Unique Aspects of Collaborative Divorce: an Attorney’s Perspective

collaborative divorceImagine a typical courtroom divorce scene: attorneys battling it out, emotions running high, the outcome of the hearing as unpredictable as who will win the next World Series. If you are facing a divorce, this image alone might be enough to discourage you. The good news is that you have options. Collaborative divorce offers more control over the outcome of a divorce and can be more civilized – especially for clients who are determined to find the best solution for their family in the long run.

The basics of collaborative divorce

Here is a simple outline of how collaborative divorce works.

  1. Each spouse has an attorney who advocates for them. Each attorney represents his or her client’s interests diligently and firmly – but without the animosity of the courtroom battle. Attorneys work together to find the best solution for the family on every issue, from co-parenting to property division, but their primary duty is to their clients.
  2. Neutral professionals support the process. It is common to have a financial planner and communications facilitator involved, because money issues are central to many divorces – and emotions can cloud people’s better judgment. Because these professionals are neutral, they can support both spouses and the rest of the collaborative divorce team at a fraction of the cost of having a financial planner and a communications facilitator dedicated to each spouse.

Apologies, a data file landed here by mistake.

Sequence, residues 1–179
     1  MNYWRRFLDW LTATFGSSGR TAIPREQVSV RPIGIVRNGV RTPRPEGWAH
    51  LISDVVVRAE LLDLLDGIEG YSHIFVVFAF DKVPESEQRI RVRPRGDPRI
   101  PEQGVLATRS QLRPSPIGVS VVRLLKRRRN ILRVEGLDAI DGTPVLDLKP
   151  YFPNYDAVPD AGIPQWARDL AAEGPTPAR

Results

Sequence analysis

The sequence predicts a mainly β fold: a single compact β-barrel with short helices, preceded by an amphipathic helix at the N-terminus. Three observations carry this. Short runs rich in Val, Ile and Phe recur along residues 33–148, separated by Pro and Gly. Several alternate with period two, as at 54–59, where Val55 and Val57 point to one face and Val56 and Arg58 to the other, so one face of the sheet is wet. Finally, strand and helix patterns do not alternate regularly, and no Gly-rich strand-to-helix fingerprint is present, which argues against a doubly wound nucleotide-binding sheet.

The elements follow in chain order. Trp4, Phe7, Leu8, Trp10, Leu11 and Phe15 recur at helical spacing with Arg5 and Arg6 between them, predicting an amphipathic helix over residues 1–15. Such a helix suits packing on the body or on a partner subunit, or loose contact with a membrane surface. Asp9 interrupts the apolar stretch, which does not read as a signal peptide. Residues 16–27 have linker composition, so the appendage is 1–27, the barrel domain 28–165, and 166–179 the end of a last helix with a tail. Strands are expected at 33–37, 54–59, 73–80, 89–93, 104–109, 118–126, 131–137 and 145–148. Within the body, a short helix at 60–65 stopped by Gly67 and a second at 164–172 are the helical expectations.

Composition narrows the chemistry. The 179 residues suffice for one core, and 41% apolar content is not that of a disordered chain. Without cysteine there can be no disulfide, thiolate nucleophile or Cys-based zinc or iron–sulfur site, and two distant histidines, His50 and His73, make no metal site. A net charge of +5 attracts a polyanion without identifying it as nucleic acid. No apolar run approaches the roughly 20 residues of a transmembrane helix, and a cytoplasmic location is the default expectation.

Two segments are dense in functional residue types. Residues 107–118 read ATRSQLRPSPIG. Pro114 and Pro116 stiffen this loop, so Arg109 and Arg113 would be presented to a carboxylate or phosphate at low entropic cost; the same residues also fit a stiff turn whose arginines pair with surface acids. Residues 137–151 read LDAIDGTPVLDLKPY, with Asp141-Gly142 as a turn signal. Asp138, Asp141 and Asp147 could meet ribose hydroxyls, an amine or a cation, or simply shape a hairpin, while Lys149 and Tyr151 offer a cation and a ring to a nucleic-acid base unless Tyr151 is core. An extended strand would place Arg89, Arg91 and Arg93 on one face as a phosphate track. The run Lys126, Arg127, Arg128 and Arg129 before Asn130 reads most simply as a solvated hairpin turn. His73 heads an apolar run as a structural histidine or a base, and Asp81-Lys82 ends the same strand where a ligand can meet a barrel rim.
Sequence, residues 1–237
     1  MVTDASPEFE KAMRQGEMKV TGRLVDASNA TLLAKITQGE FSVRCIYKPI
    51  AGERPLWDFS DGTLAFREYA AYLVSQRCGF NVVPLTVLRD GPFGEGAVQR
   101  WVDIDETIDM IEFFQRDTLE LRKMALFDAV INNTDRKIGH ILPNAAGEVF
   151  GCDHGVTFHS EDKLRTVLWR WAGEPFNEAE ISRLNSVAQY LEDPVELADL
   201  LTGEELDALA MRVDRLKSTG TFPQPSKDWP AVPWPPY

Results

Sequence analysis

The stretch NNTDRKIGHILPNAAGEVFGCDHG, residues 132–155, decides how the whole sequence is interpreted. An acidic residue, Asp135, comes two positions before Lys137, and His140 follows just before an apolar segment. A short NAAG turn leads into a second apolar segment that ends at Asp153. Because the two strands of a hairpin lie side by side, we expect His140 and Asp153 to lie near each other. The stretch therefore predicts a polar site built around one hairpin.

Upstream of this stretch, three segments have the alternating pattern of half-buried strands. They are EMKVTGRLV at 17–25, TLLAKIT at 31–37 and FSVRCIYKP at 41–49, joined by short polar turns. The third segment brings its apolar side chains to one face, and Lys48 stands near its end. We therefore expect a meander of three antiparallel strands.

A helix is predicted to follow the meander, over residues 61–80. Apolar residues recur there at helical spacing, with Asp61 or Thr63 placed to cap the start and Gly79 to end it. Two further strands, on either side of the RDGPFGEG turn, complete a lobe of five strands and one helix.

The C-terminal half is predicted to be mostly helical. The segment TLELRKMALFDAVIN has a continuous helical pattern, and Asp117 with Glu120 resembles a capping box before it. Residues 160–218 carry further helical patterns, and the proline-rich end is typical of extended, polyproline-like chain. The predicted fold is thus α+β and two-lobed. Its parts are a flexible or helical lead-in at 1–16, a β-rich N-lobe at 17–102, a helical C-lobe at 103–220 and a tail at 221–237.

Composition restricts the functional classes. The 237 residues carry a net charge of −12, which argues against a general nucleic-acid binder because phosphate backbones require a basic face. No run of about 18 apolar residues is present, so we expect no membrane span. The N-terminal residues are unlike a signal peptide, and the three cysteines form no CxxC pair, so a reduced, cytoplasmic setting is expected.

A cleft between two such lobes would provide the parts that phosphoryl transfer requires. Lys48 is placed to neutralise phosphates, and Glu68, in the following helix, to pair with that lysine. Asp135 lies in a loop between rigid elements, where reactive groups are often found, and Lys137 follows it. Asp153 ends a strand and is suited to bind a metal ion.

3. The professional team has received specialized collaborative divorce training. That makes each professional uniquely suited to manage the emotional and technical dynamics of the divorce and co-create an agreement that will work in the long run.

A question I often get from my clients is, “Why wouldn’t I just hire a regular attorney – aren’t they better at fighting for me?” The answer is that collaborative divorce attorneys are just as good at litigation. They simply choose to work in a collaborative setting because they believe it can offer more options and dignity to their clients. After you have seen litigation clients walk away from the courtroom barely hanging on, or with an agreement that does not address their circumstances, you begin to look for a different way. For some clients, collaborative law can create a better result.

Image credit: http://diamondanddiamond.com/files/bigstock/2014/08/Wedding-Fury-Couple-Yelling-R-51987220.jpg

About Amy Banks

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